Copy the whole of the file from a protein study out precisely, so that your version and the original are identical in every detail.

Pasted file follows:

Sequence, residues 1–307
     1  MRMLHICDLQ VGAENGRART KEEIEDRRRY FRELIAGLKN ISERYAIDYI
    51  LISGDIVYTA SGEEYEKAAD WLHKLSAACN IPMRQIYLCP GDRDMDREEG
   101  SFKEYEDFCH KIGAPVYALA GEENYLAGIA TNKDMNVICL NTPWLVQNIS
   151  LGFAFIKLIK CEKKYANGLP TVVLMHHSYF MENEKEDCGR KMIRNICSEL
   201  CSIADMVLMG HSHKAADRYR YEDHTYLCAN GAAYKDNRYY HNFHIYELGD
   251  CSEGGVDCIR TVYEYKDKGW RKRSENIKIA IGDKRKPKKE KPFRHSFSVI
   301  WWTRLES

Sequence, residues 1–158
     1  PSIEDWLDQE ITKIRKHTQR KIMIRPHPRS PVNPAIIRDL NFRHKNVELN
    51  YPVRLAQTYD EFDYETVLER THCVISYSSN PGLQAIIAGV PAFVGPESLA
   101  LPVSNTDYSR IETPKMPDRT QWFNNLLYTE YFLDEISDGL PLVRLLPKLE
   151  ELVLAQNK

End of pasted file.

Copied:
Sequence, residues 1–307
     1  MRMLHICDLQ VGAENGRART KEEIEDRRRY FRELIAGLKN ISERYAIDYI
    51  LISGDIVYTA SGEEYEKAAD WLHKLSAACN IPMRQIYLCP GDRDMDREEG
   101  SFKEYEDFCH KIGAPVYALA GEENYLAGIA TNKDMNVICL NTPWLVQNIS
   151  LGFAFIKLIK CEKKYANGLP TVVLMHHSYF MENEKEDCGR KMIRNICSEL
   201  CSIADMVLMG HSHKAADRYR YEDHTYLCAN GAAYKDNRYY HNFHIYELGD
   251  CSEGGVDCIR TVYEYKDKGW RKRSENIKIA IGDKRKPKKE KPFRHSFSVI
   301  WWTRLES

Sequence, residues 1–158
     1  PSIEDWLDQE ITKIRKHTQR KIMIRPHPRS PVNPAIIRDL NFRHKNVELN
    51  YPVRLAQTYD EFDYETVLER THCVISYSSN PGLQAIIAGV PAFVGPESLA
   101  LPVSNTDYSR IETPKMPDRT QWFNNLLYTE YFLDEISDGL PLVRLLPKLE
   151  ELVLAQNK